Sunday, February 11, 2007

Love is respect


Because I am apparently 97 years old, I had no idea about this. (For other similar blind spots, see post about crayons, surgeons, and scales.) (Don't make me tell you what Crayons, Surgeons, and Scales is going to be the name of.)

Ok. Now for the serious.

I hadn't thought about the ways that people might be using text messages and e-mails to intimidate, control, or abuse their partners. This turns out to be a very big problem, particularly among teenagers. This article gives an overview of the research. From the article:
WHERE are you now? What are you doing? Jealous teenagers often send messages like these with their handphones and computers to harass and control their romantic partners. And most victims of the abuse are reluctant to discuss it with their parents, a US survey showed on Thursday.

The survey, carried out by Teenage Research Unlimited, found nearly one in every four teens in a relationship had received hourly text messages or phone calls to check up on them between midnight and 5am. One out of six said they had received messages 10 or more times an hour overnight.

'Contacting someone that frequently with such questions is simply about control and intimidation. It's not a casual conversation,' said Ms Jane Randel, a vice-president for clothing retailer Liz Claiborne, which commissioned the survey.

The site Love is Respect has been set up as a resource to address this problem and offer help. It's for teens and parents, with helpful information, toll-free phone/TTY numbers, and a chat feature.

Other sites also do this I'd imagine (but in my old age, this is just a guess) -- before gaining access to the site, a security warning pops up, letting you know how to quickly escape from it should you need to (i.e., in case the person doing the intimidating/controlling/abusing comes around) . The "escape" button on the site quickly redirects you to Google when you click it.

Since kids aren't talking about it with their parents for fear they'll lose access to their cell phones or computers, I think this is an important resource to know about and pass on to others.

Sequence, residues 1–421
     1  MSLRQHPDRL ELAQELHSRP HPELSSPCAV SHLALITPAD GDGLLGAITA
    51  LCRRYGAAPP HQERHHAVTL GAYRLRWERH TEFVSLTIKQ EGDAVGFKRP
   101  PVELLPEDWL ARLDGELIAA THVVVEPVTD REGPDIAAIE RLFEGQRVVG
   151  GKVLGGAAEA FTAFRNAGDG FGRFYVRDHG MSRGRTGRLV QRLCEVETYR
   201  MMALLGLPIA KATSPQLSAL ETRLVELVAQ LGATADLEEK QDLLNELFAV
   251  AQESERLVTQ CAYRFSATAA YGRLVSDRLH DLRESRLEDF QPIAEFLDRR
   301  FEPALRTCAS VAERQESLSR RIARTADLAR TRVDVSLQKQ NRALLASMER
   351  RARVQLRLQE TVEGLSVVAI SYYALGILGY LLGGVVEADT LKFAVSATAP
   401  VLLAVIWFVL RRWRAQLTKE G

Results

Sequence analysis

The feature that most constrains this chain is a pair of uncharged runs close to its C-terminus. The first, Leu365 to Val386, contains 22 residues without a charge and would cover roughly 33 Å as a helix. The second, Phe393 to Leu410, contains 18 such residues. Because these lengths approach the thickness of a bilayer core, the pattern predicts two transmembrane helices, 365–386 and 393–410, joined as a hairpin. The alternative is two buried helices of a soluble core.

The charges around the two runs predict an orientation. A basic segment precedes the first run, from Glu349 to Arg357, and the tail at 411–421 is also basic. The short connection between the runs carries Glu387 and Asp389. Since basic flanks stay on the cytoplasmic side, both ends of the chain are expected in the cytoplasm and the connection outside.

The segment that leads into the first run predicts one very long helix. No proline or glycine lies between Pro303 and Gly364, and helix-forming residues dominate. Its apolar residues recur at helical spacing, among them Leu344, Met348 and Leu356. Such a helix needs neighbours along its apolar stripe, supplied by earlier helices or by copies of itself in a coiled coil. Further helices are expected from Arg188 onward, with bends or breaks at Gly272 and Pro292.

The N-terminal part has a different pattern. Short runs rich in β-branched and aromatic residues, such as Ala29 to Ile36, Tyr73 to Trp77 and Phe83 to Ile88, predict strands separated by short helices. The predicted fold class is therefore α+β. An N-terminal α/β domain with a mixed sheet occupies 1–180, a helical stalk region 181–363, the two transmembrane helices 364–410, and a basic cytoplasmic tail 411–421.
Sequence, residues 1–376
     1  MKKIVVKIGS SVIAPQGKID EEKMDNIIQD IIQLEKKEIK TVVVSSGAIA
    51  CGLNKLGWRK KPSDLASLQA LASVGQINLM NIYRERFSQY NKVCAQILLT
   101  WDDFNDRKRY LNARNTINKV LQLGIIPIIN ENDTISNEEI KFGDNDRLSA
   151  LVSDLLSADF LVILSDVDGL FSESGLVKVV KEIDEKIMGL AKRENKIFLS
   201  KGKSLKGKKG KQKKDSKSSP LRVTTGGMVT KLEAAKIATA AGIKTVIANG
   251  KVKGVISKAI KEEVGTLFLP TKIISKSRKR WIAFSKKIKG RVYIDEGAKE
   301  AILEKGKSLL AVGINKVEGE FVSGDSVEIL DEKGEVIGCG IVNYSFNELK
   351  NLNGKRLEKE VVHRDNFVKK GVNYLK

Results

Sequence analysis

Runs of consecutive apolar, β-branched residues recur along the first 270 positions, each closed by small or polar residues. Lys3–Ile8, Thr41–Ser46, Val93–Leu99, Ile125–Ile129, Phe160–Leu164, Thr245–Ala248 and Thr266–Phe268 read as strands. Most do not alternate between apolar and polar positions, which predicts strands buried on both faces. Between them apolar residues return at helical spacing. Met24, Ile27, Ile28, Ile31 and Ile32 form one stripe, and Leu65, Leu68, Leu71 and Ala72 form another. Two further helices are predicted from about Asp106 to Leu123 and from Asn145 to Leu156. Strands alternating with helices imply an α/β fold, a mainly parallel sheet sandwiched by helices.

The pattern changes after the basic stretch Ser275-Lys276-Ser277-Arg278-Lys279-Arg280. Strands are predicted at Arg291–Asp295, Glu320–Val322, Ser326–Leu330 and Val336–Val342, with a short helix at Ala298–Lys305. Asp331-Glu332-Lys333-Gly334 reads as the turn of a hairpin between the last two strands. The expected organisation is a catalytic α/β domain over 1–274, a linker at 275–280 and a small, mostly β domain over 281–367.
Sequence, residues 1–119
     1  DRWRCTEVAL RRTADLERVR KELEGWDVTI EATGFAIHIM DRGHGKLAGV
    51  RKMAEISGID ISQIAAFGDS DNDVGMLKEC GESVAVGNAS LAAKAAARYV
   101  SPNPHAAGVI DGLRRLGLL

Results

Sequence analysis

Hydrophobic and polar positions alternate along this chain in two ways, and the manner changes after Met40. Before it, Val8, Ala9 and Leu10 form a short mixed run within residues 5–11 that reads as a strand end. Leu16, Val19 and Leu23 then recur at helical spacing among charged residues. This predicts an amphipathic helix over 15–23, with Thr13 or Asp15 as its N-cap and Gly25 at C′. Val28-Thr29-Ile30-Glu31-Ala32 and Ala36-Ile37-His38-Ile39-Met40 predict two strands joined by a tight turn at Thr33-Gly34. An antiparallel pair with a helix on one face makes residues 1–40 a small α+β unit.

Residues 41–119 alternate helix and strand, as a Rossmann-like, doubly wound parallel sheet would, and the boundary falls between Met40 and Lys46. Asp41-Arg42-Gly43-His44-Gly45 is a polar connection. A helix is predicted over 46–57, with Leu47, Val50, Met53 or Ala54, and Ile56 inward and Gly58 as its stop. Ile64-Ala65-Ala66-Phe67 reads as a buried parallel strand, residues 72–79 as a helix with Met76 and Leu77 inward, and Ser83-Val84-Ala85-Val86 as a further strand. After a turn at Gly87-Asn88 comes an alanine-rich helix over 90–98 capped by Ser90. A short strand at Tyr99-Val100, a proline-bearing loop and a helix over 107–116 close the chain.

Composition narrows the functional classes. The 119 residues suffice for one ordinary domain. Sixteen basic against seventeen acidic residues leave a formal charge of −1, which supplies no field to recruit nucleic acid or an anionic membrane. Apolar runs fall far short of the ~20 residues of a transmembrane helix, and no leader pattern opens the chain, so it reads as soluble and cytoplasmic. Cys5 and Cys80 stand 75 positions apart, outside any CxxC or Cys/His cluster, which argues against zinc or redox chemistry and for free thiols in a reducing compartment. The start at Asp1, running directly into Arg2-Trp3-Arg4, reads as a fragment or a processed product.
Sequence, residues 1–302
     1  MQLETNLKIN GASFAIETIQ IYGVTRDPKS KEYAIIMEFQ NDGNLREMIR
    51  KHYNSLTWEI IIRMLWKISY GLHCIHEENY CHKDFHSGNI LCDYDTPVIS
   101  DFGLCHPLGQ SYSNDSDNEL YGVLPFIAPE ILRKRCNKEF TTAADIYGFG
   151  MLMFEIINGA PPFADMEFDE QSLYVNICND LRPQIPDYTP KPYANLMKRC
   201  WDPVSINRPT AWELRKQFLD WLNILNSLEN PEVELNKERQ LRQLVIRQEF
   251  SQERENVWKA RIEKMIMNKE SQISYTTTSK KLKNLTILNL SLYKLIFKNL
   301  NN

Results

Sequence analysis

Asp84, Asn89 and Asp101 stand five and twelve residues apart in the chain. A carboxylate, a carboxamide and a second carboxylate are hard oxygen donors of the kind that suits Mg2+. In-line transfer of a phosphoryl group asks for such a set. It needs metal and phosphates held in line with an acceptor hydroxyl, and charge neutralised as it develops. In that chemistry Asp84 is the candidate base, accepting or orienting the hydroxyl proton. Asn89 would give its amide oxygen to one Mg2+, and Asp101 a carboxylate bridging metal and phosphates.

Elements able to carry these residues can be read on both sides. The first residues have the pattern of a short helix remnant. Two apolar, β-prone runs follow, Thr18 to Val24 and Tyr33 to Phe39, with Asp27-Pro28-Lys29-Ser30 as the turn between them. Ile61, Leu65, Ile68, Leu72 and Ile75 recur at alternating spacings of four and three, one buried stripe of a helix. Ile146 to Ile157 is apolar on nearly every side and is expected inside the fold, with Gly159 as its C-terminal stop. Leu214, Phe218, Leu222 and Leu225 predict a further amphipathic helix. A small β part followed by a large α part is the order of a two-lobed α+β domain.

We live in a time where people are taught to believe that "how much" you love someone is equal to how jealous you get (or how much you check in on them, or how much you tell them who they should talk to or what they should wear). I look forward to the time when we stop asking "how much" and just really focus on "how".

Peace and love,
Dr. B.

5 comments:

alib said...

I love it! That is going to be my question of the week: 'how'.

That's all I need.
That's how I roll.

The Calico Cat said...

Wow, I must be 98... I am trying to remember if it was similar back in my day - but alas, we probably could not write notes quick enough - let alone get them "there" quick enough.

When & where did jealousy/stalking get hard wared into kids equalling care? (probably where we equalled it to writing so&so's name all over our binders & book covers.)

Jamie said...

enjoy the post - as always! - but i am puzzled -- why is the Liz Claiborne company commissioning this survey? Perhaps ths is one of those things that is obvious to everyone but me... please explain! anyone?

Nano said...

Great post. I'll do my best to spread the word. One of my nieces has been in that type of relationship. At least she talks to me about it. But she stays with him anyway.

Kristy said...

My gosh. I would never have imagined this was a problem. And here I was, naively thinking text message was a handy, useful little tool.